Variety reports that all Sony Pictures Entertainment employees were advised on Monday, November 24, 2014, not to connect to corporate email or corporate networks following a breach by hackers calling themselves "Guardians of Peace," or #GOP.
Deadline.com reports that Sony Pictures' computers were still down worldwide as of the following day, November 25, 2014.
According to The Verge, company computers were defaced with a message stating, "Hacked By #GOP."
"Warning: We've already warned you, and this is just a beginning," the message adds. "We continue till our request be met. We've obtained all your internal data including your secrets and top secrets. If you don't obey us, we'll release data shown below to the world."
Below the message was a list of five links to zip files allegedly containing stolen data.
A Reddit post examining the zip files reports that they contain several files named "private key," along with Excel files named "passwords" and PDF files named "Diaz, Cameron - Passport.pdf" and "Angelina Jolie passport.pdf." Another poster found what appears to be weekly Excel files backups of a 1Password database.
In an email sent to The Verge, a GOP hacker claimed they were assisted by insiders at Sony, stating, "Sony doesn't lock their doors, physically, so we worked with other staff with similar interests to get in," the hacker added.
HyTrust vice president Michele Borovac told eSecurity Planet by email that this appears to be yet another example of a massive insider breach. "While it’s possible that the statements made by the attacker are just bluster, the reality is that privileged user credentials can give a hacker the keys to the kingdom," she said.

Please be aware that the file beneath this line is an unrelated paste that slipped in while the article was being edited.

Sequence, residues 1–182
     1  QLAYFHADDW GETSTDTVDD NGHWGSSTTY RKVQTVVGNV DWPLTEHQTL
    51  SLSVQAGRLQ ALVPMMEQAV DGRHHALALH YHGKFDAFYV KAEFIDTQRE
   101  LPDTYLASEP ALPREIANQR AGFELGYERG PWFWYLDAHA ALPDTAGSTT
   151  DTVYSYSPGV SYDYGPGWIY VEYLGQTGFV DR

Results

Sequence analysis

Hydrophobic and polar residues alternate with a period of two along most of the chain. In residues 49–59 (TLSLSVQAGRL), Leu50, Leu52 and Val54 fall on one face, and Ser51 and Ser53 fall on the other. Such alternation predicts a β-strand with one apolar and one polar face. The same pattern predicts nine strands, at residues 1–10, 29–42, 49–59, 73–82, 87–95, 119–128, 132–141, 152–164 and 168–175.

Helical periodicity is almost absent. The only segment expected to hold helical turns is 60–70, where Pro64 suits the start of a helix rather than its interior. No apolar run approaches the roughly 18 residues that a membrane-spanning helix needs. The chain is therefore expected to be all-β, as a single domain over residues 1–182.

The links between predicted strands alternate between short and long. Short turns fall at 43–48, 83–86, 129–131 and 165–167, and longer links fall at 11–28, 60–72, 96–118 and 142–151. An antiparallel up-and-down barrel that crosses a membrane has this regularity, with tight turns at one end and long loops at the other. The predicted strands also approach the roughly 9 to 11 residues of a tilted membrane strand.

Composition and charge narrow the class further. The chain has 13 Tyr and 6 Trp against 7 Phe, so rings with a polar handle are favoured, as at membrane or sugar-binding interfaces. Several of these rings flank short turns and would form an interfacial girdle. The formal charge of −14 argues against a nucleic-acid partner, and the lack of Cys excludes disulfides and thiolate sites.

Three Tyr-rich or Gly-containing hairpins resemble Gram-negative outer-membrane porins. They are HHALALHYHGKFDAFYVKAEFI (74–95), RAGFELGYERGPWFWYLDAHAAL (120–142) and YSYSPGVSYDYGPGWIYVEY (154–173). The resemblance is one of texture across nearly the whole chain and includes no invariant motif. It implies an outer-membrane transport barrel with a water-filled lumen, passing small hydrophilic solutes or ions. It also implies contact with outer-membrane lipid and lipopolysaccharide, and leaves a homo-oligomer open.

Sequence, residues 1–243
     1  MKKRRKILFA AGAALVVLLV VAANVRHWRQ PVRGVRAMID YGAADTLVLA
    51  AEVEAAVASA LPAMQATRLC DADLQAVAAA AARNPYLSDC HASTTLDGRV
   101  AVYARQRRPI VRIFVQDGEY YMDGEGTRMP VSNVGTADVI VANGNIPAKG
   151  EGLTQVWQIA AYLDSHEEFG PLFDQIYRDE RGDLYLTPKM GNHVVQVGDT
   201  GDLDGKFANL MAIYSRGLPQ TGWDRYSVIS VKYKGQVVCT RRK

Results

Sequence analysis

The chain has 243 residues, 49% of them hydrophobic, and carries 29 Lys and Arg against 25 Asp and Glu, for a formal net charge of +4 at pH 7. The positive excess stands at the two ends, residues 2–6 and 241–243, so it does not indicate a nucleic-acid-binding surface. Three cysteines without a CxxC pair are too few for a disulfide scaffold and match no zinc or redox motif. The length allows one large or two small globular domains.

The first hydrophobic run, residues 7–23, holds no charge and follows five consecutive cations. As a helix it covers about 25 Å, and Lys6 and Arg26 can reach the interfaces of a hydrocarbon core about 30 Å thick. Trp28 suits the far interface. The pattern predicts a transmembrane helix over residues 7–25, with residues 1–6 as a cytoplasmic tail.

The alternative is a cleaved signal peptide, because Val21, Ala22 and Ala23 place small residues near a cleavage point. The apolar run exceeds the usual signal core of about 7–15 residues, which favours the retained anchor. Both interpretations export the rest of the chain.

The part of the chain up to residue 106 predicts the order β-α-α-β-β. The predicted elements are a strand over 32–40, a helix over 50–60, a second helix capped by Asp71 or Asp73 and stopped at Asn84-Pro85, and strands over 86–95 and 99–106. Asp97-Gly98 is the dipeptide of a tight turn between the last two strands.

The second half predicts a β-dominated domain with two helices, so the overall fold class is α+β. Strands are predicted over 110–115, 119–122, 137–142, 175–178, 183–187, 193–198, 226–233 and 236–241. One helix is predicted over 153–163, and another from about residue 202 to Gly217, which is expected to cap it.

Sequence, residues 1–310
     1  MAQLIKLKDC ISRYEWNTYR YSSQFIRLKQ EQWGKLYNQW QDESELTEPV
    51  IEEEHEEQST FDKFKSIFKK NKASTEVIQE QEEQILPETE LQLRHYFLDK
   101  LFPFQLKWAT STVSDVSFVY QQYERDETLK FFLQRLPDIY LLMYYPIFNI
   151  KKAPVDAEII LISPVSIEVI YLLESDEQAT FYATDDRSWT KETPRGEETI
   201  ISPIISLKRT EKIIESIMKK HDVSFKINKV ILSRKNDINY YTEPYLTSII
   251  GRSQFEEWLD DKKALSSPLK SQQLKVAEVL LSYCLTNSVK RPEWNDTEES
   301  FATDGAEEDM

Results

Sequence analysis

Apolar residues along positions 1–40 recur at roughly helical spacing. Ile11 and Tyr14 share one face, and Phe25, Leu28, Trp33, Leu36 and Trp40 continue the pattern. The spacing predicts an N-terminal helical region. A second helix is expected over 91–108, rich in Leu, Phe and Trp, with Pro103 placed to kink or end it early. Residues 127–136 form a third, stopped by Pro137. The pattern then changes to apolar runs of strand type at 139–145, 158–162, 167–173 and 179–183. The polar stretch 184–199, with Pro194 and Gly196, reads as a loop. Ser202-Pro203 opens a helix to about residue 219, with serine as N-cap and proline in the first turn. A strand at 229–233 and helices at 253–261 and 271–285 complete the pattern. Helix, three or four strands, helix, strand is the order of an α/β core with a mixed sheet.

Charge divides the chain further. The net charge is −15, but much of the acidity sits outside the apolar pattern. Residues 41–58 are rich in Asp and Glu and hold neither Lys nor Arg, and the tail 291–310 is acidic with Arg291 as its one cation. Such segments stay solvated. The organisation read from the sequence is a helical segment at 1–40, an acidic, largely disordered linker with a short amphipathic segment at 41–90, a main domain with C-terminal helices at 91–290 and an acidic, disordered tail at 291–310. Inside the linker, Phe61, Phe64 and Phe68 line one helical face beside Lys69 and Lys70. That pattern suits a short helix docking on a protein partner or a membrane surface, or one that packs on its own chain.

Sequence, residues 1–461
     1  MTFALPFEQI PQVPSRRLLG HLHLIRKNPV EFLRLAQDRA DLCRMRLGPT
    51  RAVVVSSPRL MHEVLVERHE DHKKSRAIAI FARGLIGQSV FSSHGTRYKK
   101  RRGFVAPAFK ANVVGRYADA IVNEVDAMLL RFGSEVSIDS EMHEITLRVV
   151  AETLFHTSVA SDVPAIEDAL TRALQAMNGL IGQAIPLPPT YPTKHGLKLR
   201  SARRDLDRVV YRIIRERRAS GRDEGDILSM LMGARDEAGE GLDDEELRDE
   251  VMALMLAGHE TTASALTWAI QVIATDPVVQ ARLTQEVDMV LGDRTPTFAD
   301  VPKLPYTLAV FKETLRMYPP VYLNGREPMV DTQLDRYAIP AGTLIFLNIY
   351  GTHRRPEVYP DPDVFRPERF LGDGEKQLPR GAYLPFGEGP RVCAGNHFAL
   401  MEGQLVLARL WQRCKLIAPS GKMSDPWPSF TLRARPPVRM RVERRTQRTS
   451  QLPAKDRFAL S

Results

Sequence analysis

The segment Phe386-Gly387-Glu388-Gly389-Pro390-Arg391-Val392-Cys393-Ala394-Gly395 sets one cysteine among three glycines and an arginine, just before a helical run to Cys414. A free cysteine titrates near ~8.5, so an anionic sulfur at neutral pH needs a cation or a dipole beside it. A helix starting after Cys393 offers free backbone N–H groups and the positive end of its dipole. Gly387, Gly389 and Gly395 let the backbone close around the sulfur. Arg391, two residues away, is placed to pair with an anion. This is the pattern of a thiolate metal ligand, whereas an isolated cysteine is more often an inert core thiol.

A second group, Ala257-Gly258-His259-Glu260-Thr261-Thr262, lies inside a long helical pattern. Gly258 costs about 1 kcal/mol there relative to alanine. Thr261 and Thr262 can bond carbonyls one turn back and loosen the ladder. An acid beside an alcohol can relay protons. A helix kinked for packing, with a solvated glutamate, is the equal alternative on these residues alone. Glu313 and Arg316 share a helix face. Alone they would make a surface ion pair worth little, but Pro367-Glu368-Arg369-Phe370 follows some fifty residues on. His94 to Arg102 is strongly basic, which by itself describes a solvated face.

"Organizations must take steps to gain control and maintain visibility over these administrative 'super user' accounts if they want to prevent -- or at least contain -- these types of attacks," Borovac added.
A Courion survey recently found that IT managers are overconfident about their ability to prevent insider breaches, while a SpectorSoft survey found that 61 percent of IT professionals say they're unable to deter insider threats. A recent eSecurity Planet article offered advice on how to defend against such threats.
Incapsula security researcher Ofer Gayer told eSecurity Planet that the Sony attack is a hard blow for the company, particularly coming so soon after Sony's networks were taken offline by a DDoS attack in August 2014.
"As we've seen, these attacks can have a devastating effect on a company, its employees and its clients," Gayer said. "Releasing private data (dubbed 'd0xing' in internet slang) or losing it all completely takes a dangerous step forward from plain old data theft, and as these types of attacks gain popularity, CISOs will be under heavier pressure to prevent them."
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